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US B-1 bombers join S. Korean jets for live-fire drills in response to North’s missile tests

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    View the original article: https://www.rt.com/news/395731-us-bombers-north-korea-missiles/?utm_source=rss&utm_medium=rss&utm_campaign=RSS

    Two US B-1 strategic bombers joined South Korean fighter jets for a live-fire exercise involving the mock destruction of enemy missile launch sites. The drills came days after North Korea said it had successfully tested an intercontinental ballistic missile.

    The bombers took off from Andersen airbase on the Pacific island of Guam and flew to the Korean Peninsula, AP reported.

    They were then met by South Korean Air Force F-15K and F-16 fighter jets over the eastern province of Gangwon, to take part in the simulated destruction of enemy ballistic missile launchers and underground compounds, South Korea’s military said on Saturday.

    The aerial drill was to “sternly respond to the series of ballistic missile launches by North Korea,” the air force said, as cited by Yonhap news agency. 

    US commanders said the mission, part of which took place near the Demilitarized Zone (DMZ) separating North and South Korea, was to show force to Seoul’s neighbor and demonstrate “the ironclad US commitment to our allies,” according to AP.

    “North Korea’s actions are a threat to our allies, partners and homeland,” General Terrence O’ Shaughnessy, commander of US Pacific Air Forces, said in a statement. “Let me be clear: If called upon we are trained, equipped and ready to unleash the full lethal capability of our allied air forces.”

    Lieutenant General Thomas Bergeson, deputy commander of US Forces Korea, said that “US bombers and Republic of Korea fighters are just two of many lethal military options at our disposal.” He added both the US and South Korea are prepared “to use the full range of capabilities to defend and to preserve the security of the Korean Peninsula and region.”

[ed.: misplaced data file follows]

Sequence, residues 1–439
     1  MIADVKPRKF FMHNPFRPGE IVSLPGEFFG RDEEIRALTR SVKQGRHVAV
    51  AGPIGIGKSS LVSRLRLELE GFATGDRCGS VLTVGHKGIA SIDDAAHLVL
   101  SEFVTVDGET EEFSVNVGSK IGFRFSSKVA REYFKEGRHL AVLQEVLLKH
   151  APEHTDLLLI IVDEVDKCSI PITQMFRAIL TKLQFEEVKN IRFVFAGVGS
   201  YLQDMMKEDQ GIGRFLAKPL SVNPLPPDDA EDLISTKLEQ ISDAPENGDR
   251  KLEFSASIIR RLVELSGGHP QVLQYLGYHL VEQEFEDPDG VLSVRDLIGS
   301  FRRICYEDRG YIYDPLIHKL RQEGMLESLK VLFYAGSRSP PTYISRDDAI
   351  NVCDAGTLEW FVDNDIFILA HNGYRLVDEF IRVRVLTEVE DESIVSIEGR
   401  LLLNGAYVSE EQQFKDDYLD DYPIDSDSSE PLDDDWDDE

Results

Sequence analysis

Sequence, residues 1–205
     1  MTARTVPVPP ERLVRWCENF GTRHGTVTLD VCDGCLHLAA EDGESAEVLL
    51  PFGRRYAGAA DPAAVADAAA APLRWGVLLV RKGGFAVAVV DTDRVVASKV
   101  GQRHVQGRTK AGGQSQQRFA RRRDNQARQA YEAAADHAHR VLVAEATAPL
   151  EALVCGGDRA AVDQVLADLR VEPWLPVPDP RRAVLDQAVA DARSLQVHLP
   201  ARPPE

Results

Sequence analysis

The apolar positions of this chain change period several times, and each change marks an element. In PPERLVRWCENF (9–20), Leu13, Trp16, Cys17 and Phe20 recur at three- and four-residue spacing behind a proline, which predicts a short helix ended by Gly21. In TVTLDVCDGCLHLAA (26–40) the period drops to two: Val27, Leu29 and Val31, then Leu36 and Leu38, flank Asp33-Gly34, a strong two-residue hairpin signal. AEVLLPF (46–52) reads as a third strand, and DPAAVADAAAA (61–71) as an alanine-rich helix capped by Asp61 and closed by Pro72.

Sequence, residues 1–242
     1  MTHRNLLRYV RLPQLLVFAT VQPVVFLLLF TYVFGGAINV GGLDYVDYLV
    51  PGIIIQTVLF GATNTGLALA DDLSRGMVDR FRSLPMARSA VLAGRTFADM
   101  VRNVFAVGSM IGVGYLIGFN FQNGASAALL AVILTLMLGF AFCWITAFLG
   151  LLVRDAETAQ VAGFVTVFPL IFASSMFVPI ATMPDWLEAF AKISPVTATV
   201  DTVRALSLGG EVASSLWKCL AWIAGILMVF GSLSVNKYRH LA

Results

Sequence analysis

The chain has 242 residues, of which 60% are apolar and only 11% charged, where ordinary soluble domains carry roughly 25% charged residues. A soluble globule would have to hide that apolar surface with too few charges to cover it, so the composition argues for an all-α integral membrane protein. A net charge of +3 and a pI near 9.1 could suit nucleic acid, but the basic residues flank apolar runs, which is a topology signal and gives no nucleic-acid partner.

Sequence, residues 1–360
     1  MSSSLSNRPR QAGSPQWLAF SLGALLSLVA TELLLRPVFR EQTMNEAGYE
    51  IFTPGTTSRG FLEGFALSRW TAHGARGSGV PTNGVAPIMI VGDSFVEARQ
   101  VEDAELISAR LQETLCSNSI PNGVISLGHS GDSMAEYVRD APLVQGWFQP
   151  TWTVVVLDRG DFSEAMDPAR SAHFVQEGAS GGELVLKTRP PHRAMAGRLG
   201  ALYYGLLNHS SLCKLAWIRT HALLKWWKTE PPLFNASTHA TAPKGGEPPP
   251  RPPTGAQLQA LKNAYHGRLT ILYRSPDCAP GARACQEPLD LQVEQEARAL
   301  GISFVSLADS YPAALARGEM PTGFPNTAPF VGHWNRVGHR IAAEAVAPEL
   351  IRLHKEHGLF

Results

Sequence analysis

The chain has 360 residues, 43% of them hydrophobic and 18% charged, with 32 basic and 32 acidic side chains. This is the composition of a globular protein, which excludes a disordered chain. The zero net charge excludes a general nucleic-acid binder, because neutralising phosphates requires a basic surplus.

READ MORE: N. Korea’s 1st ICBM launch shown on state TV (VIDEO)

    The bellicose statements followed a recent flare-up in tensions in the region. Earlier this week, North Korea claimed it had successfully test-fired its first intercontinental ballistic missile (ICBM), the Hwasong-14, which reportedly traveled 933km in 39 minutes, reaching an altitude of 2,802km.

    Footage released by Pyongyang showed the missile – mounted in a wheeled chassis – moving to a launch site at an undisclosed location. The test was declared a success, with North Korean ruler Kim Jong-un saying it was a “gift” for the “American bastards” as they marked Independence Day on July 4.

    On the night after the launch, the US and South Korean militaries also conducted a joint exercise, launching short-range tactical missiles into the sea. Additionally, Washington and Seoul are planning to stage massive war games in the near future, despite calls from Moscow and Beijing not to stir up tensions.

    Russia and China drafted a roadmap based on “double freezing,” meaning that North Korea would be offered to halt missile and nuclear activities in response for the cancellation of large-scale military exercises between South Korea and the US.

    However, the US appeared reluctant to accept the Russian-Chinese proposal. Speaking at a UN Security Council meeting shortly after the latest test, Nikki Haley, the US envoy, said Pyongyang had “no care for Russia or China in this. They have not listened to anything you’ve said. They are not going to listen to anything that you say.” 

    The US State Department also refused to cancel the upcoming US-South Korea drills, arguing they do not compare to North Korea’s missile and nuclear tests. “These are all things that have taken place since the 1950s. So that wouldn’t change,” Heather Nauert, the State Department spokeswoman, said.

    The American military is also due to step up testing of its THAAD missile defense systems in light of possible deployment in South Korea. A test aimed at verifying THAAD’s efficiency against ballistic targets will be conducted by the Missile Defense Agency (MDA) at an Alaska launch site “in early July,” the agency told Reuters

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